We may get an idea this week of what the Bessemer Amazon union ballot is like.
That’s because unions that can represent workers in the online giant’s Alabama fulfillment center say the electoral part that can challenge ballot papers has now ended.
According to the retail, wholesale and department store unions, the National Labor Relations Committee received a total of 3,215 ballot papers in the election. About 5,800 ballots were sent in early February to workers at the fulfillment center.
Electoral requirements dictate that workers who leave or are laid off for reasons after the payroll period ending January 9 are ineligible to vote. It was not clear how many ballots those workers received.
It is not yet known how many ballot challenges have been challenged over the past week.
Union elections are the most overseen by the NLRB since the beginning of the COVID-19 pandemic.
Voting starts on Tuesday, but first, Amazon and RWDSU will review each ballot, with either party able to challenge whether the ballot should be counted or not.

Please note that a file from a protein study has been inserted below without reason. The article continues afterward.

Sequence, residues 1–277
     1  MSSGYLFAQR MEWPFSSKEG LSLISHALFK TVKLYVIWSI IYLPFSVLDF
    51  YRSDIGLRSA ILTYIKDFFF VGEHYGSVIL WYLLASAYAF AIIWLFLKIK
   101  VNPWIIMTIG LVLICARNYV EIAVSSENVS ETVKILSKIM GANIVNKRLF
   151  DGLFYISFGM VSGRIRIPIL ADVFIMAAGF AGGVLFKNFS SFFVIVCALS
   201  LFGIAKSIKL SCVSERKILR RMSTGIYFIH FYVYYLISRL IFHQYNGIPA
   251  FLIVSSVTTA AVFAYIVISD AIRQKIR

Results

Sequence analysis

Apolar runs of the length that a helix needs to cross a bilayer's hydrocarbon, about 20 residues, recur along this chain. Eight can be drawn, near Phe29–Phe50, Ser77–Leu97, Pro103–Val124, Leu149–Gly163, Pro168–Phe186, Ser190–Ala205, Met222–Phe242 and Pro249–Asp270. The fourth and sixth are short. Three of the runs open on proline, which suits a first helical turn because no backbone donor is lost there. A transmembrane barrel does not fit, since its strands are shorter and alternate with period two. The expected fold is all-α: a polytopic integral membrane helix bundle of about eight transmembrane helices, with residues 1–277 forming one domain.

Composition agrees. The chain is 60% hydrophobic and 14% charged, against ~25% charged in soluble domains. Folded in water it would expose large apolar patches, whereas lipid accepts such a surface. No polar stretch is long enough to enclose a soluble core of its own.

Here’s the full coverage of the Alabama Amazon integration efforts.
When the challenge section is complete, members of the media will be able to view the ballot count in the public section.
The union said in a statement last night that hundreds of “ballots that were challenged by employers” would be revised after the vote was counted.
“When ballot envelopes are opened and ballots are counted, there is a possibility that other issues could affect the final outcome,” the union said in a statement.
Elections are decided by a simple majority. Disputes on whether to include disputed ballots will be settled by the NLRB regional director, and those decisions can be lodged with a committee in Washington, D.C.